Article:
I feel like this title is pretty self-explanatory, don’t you? I was just going to do a post about lesbian poets, period. But then I realised it’s still Black History Month. AND it’s Audre Lorde’s birthday today. The universe wants me to talk about poetry collection specifically by Black lesbians. And who am I to refuse…
Also, let’s be honest here, I will probably make another post about lesbian poets some day. There are just too many great voices that need recognition or that people need to be reminded of. So no promises that it will happen soon, but I’m gonna be back with more!
💛 The Black Unicorn by Audre Lorde 💛 Movement in Black by Pat Parker 💛 Oral Tradition by Jewelle Gomez
Starting off with some Big Names. I’m sure that you know them already if you ever tried to look for some lesbian poetry. But hey, they’re big for a reason, right? All three of them were very sharp with words, not pulling any punches & not for a second letting the reader forget that they’re Black and proud of it.
I mentioned another collection by Parker on my blog already, Womanslaughter. Incidentally in a Diversity Sunday post where I also talked about Adrienne Rich.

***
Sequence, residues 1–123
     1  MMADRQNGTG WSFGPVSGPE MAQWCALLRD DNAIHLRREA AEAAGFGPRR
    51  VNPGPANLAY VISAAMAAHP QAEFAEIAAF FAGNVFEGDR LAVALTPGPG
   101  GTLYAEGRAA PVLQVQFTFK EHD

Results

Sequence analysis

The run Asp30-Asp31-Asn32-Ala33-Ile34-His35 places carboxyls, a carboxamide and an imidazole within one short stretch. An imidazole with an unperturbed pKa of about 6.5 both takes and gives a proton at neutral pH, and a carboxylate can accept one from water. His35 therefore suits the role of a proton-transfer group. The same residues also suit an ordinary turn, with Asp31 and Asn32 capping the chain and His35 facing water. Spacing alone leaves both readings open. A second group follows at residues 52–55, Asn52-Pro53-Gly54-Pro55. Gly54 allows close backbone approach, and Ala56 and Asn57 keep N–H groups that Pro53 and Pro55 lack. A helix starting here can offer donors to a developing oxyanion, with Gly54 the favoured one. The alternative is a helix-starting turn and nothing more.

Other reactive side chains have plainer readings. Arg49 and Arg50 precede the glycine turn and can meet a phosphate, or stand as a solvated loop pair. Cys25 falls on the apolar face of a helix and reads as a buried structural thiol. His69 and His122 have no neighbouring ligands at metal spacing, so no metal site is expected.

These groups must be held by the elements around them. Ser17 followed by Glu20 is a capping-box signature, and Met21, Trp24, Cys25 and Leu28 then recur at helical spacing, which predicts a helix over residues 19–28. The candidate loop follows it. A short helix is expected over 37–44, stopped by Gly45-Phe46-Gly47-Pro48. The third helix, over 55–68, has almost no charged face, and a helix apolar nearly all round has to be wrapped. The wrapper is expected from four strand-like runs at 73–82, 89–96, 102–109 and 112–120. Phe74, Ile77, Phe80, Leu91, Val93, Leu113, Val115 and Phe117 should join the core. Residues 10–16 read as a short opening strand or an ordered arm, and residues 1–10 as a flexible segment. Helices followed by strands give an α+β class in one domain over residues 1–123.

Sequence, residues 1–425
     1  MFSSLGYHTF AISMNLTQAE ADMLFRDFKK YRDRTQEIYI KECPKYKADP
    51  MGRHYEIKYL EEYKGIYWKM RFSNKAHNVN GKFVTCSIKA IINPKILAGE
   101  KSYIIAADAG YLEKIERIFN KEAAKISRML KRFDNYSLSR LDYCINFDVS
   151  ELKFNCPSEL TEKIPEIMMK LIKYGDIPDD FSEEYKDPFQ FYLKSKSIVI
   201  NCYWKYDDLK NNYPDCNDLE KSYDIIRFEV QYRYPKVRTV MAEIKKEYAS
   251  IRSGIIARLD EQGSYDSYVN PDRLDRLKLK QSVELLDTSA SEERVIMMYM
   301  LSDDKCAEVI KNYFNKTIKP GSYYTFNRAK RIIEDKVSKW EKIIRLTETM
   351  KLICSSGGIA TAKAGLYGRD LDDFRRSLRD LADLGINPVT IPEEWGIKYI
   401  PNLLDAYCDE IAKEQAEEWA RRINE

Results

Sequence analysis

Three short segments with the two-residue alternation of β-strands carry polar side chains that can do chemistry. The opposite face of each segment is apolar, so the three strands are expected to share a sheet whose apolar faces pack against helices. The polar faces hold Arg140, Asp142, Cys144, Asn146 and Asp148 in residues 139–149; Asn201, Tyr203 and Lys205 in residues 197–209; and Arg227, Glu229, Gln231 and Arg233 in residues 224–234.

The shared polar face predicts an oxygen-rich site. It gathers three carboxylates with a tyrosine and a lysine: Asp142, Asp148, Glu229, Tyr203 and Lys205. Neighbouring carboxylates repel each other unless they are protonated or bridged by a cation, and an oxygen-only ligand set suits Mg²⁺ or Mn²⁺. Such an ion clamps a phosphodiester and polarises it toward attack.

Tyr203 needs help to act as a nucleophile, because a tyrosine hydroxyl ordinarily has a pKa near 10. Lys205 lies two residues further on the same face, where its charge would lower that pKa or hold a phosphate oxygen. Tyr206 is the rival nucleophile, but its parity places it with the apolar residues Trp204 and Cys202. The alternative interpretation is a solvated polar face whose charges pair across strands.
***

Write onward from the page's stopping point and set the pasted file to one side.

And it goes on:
💛 Life Mask by Jackie Kay 💛 Bestiary by Donika Kelly 💛 Kohnjehr Woman by Ana-Maurine Lara
All three of those poetry collections were contenders for the Lambda Award for Lesbian Poetry, in 2005, 2016 & 2017 respectively. (Actually, Oral Tradition lost in 1995 to Rich’s collection.) They’re very different to each other, in imagery they use, in general style. But still on the fundamental level somehow similar, in a way that there are some things in life that all lesbians will perceive in a similar manner.
💛 The Forbidden Poems by Becky Birtha 💛 Life in a Box is a Pretty Life by Dawn Lundy Martin 💛 Rock | Salt | Stone by Rosamond S. King
Another trio recognised by the Lambda Award for Lesbian Poetry: Birtha was nominated in 1991 (the year I was born!) and Martin (2015) & King (2017) won. I guess in this household we just enjoy talking about lesbians who were already celebrated by others. As all lesbians should be!
Do you guys actually enjoy poetry? I kind of run on an assumption that everyone does… It might be because I love poetry so much, but who knows.
In any case, what other lesbian poets do you love?
Who can you recommend to me?